This has made NHS Blood and Transplant vulnerable to short-term illness, which remains high due to the rise in Covid cases.
“This has led to unavoidable cancellations of large numbers of donor appointments, affecting collections and stock levels.”
Is there a possible solution?
Experts say an essential tool that can help procedures continue is being neglected in NHS hospitals.
A drug called tranexamic acid reduces major blood loss by a quarter if given before surgery.
The National Institute for Health and Care Excellence (NICE) recommends that it be given to all patients undergoing major surgery.
But an audit of 152 NHS hospitals last year revealed that only two-thirds of eligible patients were offered the £2 per dose drug.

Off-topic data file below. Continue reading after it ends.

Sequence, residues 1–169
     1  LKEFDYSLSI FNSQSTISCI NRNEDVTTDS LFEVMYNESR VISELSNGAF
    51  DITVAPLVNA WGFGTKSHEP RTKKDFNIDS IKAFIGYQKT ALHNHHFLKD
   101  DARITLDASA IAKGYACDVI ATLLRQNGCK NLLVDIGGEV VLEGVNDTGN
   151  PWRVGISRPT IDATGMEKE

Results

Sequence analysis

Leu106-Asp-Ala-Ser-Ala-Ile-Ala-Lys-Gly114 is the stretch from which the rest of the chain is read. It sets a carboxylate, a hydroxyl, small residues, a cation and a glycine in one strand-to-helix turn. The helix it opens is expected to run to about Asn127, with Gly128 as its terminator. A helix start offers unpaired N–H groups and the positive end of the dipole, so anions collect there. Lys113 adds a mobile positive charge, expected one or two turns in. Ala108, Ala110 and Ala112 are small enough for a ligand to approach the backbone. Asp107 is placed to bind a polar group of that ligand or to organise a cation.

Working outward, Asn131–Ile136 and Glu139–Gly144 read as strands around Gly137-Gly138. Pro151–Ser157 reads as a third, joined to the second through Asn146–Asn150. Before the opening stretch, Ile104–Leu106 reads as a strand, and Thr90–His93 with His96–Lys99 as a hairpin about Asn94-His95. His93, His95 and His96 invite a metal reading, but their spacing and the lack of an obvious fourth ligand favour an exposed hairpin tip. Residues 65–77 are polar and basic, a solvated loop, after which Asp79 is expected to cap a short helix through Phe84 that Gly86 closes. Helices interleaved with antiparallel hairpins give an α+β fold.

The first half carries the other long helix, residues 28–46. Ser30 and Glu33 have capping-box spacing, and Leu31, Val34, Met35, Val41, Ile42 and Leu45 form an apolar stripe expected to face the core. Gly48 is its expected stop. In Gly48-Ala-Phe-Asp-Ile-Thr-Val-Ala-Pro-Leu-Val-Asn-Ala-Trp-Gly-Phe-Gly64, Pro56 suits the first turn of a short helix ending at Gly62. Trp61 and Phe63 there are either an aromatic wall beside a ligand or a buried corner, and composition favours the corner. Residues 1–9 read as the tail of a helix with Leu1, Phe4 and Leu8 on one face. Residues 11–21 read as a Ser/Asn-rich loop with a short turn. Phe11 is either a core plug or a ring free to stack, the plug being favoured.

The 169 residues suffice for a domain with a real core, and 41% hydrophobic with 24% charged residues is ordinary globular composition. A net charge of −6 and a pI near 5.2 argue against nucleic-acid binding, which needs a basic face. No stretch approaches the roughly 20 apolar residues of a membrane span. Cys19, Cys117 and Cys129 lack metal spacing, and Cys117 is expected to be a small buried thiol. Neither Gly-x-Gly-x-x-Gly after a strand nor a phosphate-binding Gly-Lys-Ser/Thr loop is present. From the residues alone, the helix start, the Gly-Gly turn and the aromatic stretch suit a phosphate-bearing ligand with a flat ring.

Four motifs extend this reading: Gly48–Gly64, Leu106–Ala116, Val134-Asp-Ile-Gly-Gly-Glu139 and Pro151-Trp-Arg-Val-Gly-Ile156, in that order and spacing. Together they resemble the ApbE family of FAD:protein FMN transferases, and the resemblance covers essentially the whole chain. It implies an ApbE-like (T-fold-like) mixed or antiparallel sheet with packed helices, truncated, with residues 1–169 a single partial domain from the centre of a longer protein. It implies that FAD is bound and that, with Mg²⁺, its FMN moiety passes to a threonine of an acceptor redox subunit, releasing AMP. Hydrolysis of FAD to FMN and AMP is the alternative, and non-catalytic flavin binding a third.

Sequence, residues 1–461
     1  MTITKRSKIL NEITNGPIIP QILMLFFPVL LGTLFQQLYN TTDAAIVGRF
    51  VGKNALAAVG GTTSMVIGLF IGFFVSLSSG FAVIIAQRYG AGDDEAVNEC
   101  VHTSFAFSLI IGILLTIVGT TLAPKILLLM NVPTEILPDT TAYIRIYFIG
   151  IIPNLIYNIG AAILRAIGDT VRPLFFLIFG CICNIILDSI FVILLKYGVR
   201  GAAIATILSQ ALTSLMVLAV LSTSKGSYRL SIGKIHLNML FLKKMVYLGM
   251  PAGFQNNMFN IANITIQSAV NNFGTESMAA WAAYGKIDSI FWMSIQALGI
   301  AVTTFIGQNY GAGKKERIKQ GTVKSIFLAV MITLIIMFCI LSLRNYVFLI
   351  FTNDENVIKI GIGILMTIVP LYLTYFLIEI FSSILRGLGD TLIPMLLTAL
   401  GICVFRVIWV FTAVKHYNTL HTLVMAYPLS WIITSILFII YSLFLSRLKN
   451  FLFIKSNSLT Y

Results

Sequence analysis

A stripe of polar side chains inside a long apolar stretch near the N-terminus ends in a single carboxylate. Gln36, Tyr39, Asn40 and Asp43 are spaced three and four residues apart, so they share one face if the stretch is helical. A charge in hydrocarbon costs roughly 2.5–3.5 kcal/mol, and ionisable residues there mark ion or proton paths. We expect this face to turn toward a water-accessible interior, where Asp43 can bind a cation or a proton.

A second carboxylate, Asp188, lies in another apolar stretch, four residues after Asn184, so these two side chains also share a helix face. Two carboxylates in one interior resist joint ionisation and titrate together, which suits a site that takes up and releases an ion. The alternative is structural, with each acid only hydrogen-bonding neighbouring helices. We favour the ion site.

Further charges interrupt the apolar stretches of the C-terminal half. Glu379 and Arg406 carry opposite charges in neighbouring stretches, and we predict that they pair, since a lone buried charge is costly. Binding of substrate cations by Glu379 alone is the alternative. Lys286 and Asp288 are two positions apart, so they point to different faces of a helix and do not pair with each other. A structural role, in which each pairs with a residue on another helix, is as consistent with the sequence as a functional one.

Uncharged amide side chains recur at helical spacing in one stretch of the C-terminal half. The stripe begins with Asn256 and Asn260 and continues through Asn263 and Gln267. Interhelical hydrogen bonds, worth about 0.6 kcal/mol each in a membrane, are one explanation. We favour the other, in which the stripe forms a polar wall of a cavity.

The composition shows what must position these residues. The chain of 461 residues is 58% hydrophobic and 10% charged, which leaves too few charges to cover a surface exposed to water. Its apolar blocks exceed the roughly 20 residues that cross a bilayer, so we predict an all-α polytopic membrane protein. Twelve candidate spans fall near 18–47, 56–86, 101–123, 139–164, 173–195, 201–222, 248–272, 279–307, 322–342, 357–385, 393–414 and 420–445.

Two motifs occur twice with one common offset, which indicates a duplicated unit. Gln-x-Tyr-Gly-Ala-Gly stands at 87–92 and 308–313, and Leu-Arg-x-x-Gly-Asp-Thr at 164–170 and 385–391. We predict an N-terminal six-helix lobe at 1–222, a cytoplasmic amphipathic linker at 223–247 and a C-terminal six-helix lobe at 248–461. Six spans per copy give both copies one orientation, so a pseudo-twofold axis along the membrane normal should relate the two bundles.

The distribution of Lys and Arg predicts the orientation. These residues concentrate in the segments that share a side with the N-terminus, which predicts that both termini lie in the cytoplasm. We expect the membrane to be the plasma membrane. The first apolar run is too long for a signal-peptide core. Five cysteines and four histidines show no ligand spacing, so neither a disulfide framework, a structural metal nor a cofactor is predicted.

A report published last month in the British Journal of Anesthesia claimed that giving the shot to all hospital patients could prevent 15,000 serious bleeding events a year.
Lead author Professor Ian Roberts, one of Britain’s leading experts on blood loss at the London School of Hygiene and Tropical Medicine, said this could reduce current and future pressures on blood supplies.
He told the Mail On Sunday: ‘It makes perfect sense for doctors and patients. It’s a low-cost, low-risk intervention that will save tens of thousands of blood units and lives.’
Currently, about 13,000 Britons die every year as a result of heavy bleeding during surgery.
He added: “Not only do more doctors need to offer tranexamic acid, but we want every patient undergoing surgery to know that they can and should ask for it.”
How can I donate blood?
To donate blood you can register online at www.blood.co.uk or call 0300 123 23 23.